The Upper East Side: When Location Isn’t Everything


After her graduation from Wesleyan University 20 years ago, Elena Pavloff moved to the East Village in Manhattan and shared a studio with a friend. They had a makeshift bunk-bed setup — one futon and one loft.

Ms. Pavloff later rented on her own, living in the financial district since 2007. Her most recent rental there was a studio with a windowless office, so large it functioned as a one-bedroom. Her monthly rent was in the low $3,000s.

Ms. Pavloff, who works in advertising and media planning, began the hunt for a place to buy nearly two years ago. She focused on the financial district and adjacent areas, which were comfortable and familiar, though the neighborhood was becoming increasingly choked with tourists.

Her aim was a one-bedroom with light and a big kitchen, “not just a place where I would store sweaters in the oven like Carrie Bradshaw,” she said.

Her budget was up to $800,000. “Renting is expensive in the city,” she said. A purchase was less a matter of affording the monthly mortgage and maintenance than of coming up with a down payment.

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LOWER MANHATTAN Southbridge Towers had one-bedrooms, but the nine-building complex seemed impersonal.

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Sasha Maslov for The New York Times

Ms. Pavloff, 42, contacted Jennifer Roberts, an associate broker at Halstead Property, who had been her boss in earlier days, when both worked in media planning.

Every place she viewed felt small in comparison with her rental. She checked out some one-bedroom co-ops in Southbridge Towers, opened in 1971 as part of the Mitchell-Lama program, but the nine-building complex near South Street Seaport felt overwhelming and impersonal.

A one-bedroom condo in a former office building came close, but the large kitchen wasn’t enough to make up for the small bedroom and the sole bedroom closet. “You could fit two coats in there and nothing else,” Ms. Pavloff said. She didn’t pursue it.

Downtown, her options were primarily studios or very dark one-bedrooms in condominium buildings, Ms. Roberts said.

“I couldn’t find anything in my price range that really felt like a home,” Ms. Pavloff said. She renewed her lease. Months later, inspired by a Junior League house tour, she resumed the hunt, this time focusing more on the apartment and less on the location.

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UPPER EAST SIDE Another one-bedroom, this one uptown, had built-ins that limited her options to rearrange things.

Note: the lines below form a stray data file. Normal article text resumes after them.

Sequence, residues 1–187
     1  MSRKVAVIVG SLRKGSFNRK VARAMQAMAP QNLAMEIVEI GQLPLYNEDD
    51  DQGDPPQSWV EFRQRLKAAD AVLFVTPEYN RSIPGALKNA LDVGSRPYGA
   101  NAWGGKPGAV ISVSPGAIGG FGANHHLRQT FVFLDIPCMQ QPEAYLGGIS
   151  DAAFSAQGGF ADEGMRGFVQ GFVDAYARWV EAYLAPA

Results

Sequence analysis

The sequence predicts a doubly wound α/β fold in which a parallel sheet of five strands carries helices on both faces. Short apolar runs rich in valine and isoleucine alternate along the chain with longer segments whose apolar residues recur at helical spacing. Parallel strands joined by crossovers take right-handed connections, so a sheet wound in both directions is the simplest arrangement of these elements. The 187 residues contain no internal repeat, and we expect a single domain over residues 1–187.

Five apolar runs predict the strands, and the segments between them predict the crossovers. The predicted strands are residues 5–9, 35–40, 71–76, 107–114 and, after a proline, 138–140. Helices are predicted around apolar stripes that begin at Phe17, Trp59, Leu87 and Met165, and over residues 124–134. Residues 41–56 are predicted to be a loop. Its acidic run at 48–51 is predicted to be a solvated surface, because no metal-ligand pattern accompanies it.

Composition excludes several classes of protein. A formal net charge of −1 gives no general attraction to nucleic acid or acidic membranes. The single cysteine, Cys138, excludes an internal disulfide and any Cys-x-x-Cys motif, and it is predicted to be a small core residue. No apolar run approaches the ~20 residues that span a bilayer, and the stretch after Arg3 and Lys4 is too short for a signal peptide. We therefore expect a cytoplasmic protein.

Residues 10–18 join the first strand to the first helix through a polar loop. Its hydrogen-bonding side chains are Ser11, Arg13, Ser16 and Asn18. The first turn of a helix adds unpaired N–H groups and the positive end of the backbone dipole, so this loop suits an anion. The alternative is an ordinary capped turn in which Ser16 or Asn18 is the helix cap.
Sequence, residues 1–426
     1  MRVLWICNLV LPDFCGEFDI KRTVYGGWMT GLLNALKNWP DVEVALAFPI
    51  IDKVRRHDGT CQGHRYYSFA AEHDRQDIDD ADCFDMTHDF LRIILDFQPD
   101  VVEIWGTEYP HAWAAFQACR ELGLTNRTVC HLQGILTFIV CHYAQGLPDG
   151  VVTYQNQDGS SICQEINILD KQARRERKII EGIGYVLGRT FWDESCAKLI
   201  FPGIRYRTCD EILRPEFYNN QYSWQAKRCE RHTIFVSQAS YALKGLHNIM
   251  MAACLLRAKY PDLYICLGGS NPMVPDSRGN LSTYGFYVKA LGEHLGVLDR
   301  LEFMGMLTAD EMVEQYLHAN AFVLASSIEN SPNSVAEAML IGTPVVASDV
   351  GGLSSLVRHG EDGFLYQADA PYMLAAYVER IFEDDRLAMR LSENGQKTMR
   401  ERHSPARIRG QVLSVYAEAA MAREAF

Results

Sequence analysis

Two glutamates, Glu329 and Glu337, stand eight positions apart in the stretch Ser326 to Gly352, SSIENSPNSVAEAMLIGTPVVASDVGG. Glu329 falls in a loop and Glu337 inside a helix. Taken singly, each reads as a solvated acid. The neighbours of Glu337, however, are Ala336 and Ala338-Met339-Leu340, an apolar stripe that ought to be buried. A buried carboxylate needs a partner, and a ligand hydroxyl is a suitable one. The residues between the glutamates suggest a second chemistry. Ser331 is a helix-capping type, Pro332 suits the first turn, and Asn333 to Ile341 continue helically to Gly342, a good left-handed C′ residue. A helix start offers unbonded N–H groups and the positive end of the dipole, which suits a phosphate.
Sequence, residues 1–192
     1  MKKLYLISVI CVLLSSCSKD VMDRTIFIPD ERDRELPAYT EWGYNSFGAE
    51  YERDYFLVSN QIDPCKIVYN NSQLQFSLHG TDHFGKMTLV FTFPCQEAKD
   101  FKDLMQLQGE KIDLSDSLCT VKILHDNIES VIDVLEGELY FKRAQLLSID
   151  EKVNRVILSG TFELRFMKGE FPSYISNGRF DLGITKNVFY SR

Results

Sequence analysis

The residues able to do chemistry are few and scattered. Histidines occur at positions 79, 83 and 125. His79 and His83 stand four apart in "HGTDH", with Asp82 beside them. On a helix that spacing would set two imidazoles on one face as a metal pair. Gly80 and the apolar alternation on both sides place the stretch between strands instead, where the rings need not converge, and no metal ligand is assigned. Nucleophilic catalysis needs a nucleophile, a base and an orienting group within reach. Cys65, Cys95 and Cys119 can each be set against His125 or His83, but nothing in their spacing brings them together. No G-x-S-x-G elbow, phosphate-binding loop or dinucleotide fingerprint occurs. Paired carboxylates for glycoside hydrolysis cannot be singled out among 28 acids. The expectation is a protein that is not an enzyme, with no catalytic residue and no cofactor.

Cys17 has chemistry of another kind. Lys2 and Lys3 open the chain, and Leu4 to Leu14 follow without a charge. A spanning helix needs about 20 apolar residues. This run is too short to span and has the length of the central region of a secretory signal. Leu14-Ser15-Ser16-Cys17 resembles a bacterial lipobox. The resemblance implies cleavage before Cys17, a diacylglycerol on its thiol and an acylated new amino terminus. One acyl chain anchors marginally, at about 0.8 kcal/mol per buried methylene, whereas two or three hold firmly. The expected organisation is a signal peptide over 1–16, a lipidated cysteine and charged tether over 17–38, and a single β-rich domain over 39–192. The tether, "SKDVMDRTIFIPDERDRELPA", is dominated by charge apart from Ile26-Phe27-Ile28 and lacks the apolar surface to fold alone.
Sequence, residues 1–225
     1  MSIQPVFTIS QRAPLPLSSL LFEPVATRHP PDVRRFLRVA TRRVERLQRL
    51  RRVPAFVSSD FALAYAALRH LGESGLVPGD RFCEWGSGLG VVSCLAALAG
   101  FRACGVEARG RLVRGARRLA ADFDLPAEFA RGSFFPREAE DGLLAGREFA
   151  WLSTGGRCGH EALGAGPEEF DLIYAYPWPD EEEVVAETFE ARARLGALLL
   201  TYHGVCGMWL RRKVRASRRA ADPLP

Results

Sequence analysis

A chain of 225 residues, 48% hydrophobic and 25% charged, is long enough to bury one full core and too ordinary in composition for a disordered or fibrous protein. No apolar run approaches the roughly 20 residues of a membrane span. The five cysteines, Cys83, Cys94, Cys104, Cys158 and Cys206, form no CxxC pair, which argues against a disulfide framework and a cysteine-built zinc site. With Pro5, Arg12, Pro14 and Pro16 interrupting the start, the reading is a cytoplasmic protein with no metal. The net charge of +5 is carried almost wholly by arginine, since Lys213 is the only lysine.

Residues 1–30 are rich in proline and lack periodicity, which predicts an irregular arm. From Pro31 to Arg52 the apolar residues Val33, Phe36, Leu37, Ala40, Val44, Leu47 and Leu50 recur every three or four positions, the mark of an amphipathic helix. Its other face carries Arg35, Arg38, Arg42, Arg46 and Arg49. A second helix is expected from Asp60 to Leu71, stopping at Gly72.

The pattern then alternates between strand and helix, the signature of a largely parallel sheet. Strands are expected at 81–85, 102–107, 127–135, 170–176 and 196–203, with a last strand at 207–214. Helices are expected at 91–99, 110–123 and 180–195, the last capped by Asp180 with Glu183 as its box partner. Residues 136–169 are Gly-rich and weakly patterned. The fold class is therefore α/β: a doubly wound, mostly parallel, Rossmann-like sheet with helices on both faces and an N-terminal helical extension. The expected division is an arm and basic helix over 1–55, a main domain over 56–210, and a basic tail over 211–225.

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Sasha Maslov for The New York Times

“I was honest with myself and said, ‘I am not finding what I want downtown — I need to look elsewhere,’” she said.

She realized that almost any Manhattan neighborhood would be livable: No matter where she was, she would never be lacking in conveniences.

So she told Ms. Roberts she would live anywhere, though she wasn’t keen on the Upper East Side, where she had lived briefly. She remembered it as rowdy and filled with bars. Still, she checked out a promising listing there.

“I had to get out of my own head and look at the neighborhood with fresh eyes,” she said.

And there, immediately, she found it: a sun-drenched one-bedroom co-op that felt like home the moment she stepped inside. The corner apartment had three exposures and two kitchen windows, though not much of a view. The building had a roof deck, too.

The built-in shelves in the living room “were fantastic because they allowed for that much more storage space without my having to buy extra furniture,” Ms. Pavloff said. The price was $649,000, with maintenance of around $1,040; a basement storage unit cost $40 a month more.

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UPPER EAST SIDE A corner one-bedroom felt like home. She could still use more closet space, but ‘that’s just New York.’

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Sasha Maslov for The New York Times

“It’s a homey apartment,” Ms. Roberts said. “In the financial district, you get converted office buildings. You don’t get charm or character.”

Several offers were on the table, so Ms. Pavloff made her offer that evening.

The next day, to confirm her hunch that her decision was the right one, she visited one more place nearby, in the appealing and historic row of “black and whites,” dating from 1894, on far East 72nd Street.

A one-bedroom there was $575,000, with maintenance of less than $1,200. It was relatively small, with a redone interior. But with bedroom closets and some other furniture built in, she felt the ability to rearrange the inside was limited.

Meanwhile, her offer of $656,000 on the corner one-bedroom was accepted. Ms. Pavloff arrived in the summer.

“I wish I had more closet space, but I don’t think it’s this apartment,” she said. “That’s just New York. Maybe I need to take a lesson from Japan and simplify.”

As for the neighborhood, she has no complaints. “It is fun and exciting to explore and try different places out, like which pizza place do I like best,” she said. “They’ve got a lot of good options.”

The streets are crowded, but not with tourists. “You see people doing their day-to-day errands or families out with their kids,” she said. “It’s busy in a people-who-live-here way.”

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